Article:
Marina beach is the place to go, it’s like Blackpool but not as bad. Families play with their kids, newly weds and secret couples sit slightly closer to one another trying to look nonchalant (but no touching!) and groups of lads do whatever it is young men do and talk about in India. Talk about cricket I guess. Amazingly you’ll also find small groups of young lady’s on the beach – quite what they are doing out of their hostels and on their own I don’t know! :p

When I went to the beach this weekend I did notice a large mixed group of young twenty somethings – presumably MBA students – sitting in a circle and chatting away to one another, however, true to the norms of the society in this part of the country, dignity was maintained by having all the girls on one half of the circle and all the guys on the other.

The beach is like India everywhere, the rich rub shoulders with the poor. If you sit or remain stationary for more than a few minutes, hawkers converge on you like the plague, peddling everything from food of a dubious quality to palm reading and even parakeets that can foretell your future by selecting cards from a pile. You’ll even get the unfortunately disformed beggars trying to touch you and ask you for money and as a foreigner you are definitely seen as a walking ATM!

Oh yes, and as a foreigner if the hawkers don’t get to you first then it’s because some locals have come over to speak to you. Some of my friends can find this quite tiring but I personally love the attention and curious nature of the people here! However, the questions are always the same…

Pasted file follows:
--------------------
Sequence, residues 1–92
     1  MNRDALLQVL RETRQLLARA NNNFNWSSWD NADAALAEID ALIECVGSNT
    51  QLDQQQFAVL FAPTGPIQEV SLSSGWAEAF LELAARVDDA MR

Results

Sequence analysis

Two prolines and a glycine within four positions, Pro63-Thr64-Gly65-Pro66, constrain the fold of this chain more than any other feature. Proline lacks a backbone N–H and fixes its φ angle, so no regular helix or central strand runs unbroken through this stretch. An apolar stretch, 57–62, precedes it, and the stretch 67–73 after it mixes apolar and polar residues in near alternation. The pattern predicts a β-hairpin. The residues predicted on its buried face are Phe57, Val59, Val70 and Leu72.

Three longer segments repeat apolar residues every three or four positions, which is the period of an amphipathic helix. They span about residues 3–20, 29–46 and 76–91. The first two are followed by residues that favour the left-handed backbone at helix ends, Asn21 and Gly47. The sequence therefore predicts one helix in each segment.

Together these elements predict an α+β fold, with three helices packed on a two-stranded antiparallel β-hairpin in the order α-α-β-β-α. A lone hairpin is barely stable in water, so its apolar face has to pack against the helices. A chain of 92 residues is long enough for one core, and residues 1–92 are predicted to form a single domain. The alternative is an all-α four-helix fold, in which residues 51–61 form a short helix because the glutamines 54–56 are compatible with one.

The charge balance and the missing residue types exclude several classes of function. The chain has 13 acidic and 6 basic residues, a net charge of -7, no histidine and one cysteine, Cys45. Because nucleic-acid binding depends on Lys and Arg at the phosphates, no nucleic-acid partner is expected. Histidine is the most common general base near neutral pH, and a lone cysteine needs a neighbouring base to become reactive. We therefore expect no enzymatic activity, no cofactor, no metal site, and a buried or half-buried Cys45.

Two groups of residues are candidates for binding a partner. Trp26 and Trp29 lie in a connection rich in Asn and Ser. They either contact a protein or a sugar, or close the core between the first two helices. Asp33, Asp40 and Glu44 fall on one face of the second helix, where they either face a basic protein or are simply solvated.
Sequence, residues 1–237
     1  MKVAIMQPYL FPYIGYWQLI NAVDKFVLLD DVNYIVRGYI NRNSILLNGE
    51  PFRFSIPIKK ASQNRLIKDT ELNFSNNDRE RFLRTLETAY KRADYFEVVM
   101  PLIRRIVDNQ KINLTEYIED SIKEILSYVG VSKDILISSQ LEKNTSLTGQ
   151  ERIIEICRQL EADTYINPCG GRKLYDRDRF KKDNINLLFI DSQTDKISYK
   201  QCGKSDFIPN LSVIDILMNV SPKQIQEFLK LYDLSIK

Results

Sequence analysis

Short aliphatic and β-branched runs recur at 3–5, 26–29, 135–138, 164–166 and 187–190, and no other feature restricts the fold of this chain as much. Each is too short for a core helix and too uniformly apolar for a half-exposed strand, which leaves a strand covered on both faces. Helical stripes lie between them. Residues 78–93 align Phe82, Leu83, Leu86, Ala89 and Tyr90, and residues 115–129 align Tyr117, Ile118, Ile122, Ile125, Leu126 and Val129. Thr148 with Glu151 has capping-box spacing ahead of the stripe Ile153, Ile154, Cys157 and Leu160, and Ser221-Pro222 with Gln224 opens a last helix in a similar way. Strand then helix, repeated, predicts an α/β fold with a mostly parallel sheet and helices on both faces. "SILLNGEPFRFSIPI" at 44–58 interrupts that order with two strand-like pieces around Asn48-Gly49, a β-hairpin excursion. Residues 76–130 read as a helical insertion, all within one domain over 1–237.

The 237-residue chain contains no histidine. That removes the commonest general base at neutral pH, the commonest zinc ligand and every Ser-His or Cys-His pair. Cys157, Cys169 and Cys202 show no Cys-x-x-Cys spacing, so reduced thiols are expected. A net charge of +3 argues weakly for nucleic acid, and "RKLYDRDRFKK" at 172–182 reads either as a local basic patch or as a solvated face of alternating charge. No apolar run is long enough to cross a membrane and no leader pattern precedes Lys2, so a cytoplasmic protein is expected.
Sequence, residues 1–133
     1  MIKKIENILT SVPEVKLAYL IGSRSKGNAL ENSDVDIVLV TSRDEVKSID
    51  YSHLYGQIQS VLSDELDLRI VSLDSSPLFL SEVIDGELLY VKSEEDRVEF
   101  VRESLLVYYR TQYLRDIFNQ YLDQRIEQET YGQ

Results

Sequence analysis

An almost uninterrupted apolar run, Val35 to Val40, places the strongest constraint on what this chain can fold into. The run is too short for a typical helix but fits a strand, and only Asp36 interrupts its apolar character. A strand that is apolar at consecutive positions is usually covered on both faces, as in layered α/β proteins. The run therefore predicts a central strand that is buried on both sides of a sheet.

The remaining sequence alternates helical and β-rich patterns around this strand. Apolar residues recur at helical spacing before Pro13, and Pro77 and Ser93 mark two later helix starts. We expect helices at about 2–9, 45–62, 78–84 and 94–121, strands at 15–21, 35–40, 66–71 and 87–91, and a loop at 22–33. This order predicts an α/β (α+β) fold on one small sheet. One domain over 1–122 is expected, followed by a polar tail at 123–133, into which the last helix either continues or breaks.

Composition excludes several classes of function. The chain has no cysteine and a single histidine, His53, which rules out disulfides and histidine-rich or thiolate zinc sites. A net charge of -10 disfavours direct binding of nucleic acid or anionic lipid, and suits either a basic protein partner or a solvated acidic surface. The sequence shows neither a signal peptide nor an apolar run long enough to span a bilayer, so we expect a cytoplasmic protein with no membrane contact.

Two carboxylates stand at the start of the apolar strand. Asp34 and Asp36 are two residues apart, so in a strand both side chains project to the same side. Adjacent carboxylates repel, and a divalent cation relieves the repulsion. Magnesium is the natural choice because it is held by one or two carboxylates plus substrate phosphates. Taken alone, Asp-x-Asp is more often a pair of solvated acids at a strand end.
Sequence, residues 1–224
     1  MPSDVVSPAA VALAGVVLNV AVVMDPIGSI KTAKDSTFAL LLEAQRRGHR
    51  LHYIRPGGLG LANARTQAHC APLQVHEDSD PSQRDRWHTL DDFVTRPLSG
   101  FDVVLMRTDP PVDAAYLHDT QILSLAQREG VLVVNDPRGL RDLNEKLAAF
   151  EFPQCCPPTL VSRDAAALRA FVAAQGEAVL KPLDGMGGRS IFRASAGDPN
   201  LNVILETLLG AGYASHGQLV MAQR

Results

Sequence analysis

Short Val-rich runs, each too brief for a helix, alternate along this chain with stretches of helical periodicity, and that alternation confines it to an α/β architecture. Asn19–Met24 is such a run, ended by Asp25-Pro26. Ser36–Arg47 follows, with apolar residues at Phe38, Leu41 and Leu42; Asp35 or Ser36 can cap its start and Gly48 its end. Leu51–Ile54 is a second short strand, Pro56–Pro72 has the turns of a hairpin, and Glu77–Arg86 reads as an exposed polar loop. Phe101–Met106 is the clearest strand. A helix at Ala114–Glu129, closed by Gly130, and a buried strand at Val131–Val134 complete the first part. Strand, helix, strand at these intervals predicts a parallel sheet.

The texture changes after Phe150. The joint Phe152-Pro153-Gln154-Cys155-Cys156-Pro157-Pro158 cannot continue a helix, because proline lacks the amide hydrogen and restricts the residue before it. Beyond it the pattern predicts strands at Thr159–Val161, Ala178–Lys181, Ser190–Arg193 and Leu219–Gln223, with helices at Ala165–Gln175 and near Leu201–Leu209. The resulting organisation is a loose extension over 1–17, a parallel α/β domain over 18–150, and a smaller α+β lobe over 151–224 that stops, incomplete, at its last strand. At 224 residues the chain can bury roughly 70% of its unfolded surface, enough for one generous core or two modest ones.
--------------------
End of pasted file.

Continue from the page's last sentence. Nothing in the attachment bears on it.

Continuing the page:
• “You are from?”
  • “How you like India?”
  • “You like our food?”
  • “How you find our climate?”
  • “This is your wife?” (pointing to my friend)
  • “You have been in India how long?”

Then when they learn that you’ve been living and working in India for the last two years the focus of the questions change…

  • “You have a smart salary?”
  • “How much you earn?”


And then, after chatting for you for 5 minutes, during which time you grow more conscious of the fact that you have not asked them a single question they ask for “your good name” and ask if they can exchange contact details with you – as a result my phoneboook is stuffed full of numbers for young and middle aged Indian men who I’ve met for all of 5 minutes, answered the same questions and never spoken to again in my life…if only it was this easy to get women’s numbers!

Back to the beach.

While the Indian middle classes are still learning about recreation, downtime and life beyond the office / shop / factory, the deep rooted traditional values of the south remain intact. Women do venture in to the sea but this being India they keep themselves covered from head to toe – yep, they go in to the sea fully dressed, it’s quite bizarre!